In 2020, Earth has either broken historic monthly climate records, or come close, as the planet continues its relentless warming trend.

 

The American economy has seriously sputtered during the coronavirus pandemic, but the planet’s relentless warming trend hasn’t. After Earth experienced its second-hottest year in 140 years of record-keeping in 2019, the first few months of this year have either broken historic monthly records, or come close. January 2020 was the warmest January on record. February 2020 was the second hottest such month on record. And on Monday, the European Union’s climate monitoring agency EU Copernicus reported that March 2020 was "on par" with the second and third warmest Marches on record. 

 

 

Sourced through Scoop.it from: mashable.com

Using a novel multiplexed immuno-biosensor, Hememics is trying to provide a rapid detection solution of COVID-19 anywhere in the world. Rapid, cost-effective and real-time biomarker measurements are essential for quick and effective diagnosis and treatment of emerging diseases like COVID-19.

 

Hememics has developed a diagnostic test platform that can yield sensitive, selective, and measurable signals in response to specific antibodies and antigens in 60 seconds or less, with a single nasal swab or drop of blood. Testing is simple and could be administered by any health care worker, anywhere: ambulances, emergency rooms, community clinics, and makeshift hospitals.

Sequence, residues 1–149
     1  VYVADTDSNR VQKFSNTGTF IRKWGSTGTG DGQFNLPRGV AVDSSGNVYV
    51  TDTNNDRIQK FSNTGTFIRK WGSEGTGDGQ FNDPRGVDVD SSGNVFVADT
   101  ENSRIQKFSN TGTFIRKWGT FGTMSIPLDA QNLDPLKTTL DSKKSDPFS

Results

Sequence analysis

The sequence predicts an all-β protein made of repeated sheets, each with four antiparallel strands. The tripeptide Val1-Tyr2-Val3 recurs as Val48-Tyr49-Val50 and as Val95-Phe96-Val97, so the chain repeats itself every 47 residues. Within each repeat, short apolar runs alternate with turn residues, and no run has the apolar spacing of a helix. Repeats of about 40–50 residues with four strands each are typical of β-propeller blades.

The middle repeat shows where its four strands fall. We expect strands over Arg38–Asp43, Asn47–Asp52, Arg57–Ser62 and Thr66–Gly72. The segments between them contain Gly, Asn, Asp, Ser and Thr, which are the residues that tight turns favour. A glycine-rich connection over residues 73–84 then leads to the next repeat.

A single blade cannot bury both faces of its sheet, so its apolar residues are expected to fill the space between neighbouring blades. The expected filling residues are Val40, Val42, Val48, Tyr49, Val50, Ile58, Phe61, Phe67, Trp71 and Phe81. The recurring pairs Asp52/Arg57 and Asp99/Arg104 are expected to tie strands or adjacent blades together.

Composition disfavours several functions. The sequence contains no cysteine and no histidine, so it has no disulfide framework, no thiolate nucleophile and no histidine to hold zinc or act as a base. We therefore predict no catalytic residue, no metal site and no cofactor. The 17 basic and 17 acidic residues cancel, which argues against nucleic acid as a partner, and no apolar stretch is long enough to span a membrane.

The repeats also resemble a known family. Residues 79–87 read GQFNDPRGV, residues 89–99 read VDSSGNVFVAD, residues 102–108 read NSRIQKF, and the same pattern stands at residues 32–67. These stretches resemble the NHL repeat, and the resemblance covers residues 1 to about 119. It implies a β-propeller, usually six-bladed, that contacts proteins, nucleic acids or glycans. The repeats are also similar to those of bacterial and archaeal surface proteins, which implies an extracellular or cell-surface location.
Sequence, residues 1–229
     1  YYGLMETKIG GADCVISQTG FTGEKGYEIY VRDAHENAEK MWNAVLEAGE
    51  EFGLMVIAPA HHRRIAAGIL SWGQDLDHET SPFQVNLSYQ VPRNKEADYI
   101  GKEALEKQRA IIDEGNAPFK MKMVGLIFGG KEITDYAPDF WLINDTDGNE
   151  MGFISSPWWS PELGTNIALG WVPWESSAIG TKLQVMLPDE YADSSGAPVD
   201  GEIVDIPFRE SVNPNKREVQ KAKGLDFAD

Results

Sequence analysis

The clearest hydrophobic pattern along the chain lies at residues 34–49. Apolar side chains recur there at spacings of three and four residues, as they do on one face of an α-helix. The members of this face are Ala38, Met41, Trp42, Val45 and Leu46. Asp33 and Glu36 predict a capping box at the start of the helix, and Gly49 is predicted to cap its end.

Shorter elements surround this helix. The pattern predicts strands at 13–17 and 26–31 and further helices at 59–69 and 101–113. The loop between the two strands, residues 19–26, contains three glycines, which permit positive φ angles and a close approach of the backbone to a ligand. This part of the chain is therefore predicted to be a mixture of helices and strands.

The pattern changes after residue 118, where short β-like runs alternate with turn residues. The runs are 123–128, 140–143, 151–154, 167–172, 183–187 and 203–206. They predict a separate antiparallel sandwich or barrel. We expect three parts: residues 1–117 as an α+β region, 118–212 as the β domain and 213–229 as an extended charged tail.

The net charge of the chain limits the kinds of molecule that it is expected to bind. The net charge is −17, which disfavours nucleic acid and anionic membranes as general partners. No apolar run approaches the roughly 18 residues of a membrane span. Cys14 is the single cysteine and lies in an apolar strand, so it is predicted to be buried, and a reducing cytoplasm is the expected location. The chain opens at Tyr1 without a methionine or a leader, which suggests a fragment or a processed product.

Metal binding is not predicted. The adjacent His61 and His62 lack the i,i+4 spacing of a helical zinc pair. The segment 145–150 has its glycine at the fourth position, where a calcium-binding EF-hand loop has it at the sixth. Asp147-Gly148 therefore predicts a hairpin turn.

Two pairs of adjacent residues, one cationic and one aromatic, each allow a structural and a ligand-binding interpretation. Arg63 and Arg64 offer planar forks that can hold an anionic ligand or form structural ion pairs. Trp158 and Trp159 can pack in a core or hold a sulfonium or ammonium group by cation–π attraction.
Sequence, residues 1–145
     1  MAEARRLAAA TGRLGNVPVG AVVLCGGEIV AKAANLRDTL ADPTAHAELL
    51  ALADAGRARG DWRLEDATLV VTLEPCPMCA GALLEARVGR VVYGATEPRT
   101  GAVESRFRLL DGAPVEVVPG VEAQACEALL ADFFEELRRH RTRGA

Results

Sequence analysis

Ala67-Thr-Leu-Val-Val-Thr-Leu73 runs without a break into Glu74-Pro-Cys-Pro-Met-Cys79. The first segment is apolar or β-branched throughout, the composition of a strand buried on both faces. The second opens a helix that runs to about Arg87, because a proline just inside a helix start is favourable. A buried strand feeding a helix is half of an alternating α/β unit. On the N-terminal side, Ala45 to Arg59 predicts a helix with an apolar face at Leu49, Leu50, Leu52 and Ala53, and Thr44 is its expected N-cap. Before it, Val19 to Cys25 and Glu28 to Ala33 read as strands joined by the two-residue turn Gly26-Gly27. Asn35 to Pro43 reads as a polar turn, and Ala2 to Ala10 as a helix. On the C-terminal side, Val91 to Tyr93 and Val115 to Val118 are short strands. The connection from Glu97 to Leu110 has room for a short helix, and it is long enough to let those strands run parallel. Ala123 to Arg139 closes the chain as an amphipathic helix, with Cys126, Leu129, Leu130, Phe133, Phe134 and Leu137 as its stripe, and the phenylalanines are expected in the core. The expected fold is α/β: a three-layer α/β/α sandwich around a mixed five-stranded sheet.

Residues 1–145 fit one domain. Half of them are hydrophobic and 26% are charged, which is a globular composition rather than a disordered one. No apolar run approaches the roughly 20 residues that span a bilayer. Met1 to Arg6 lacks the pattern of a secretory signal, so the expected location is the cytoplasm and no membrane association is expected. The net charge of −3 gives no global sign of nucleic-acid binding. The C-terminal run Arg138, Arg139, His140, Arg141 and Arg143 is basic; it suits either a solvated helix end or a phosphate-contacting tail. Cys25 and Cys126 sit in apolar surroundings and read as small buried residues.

Most importantly, this Bluetooth® connected technology transmits the test results to a cloud-based data management network, enabling real-time geographical alerts of outbreaks or travel screening at airports, borders, and transportation terminals.

 

The multiplex chip device can simultaneously detect up to 17 pathogens from blood or nasal swab.

Sourced through Scoop.it from: www.hememics.com

Some 484 million miles from coronavirus-beleaguered Earth lies the gas giant Jupiter, and its stormy, magnificent atmosphere. One of the latest images NASA’s Juno spacecraft sent back to Earth shows a view of the planet’s churning northern region. Juno captured it on Feb. 17, during a "close" swing by Jupiter — which means Juno was some 15,610 miles above these clouds.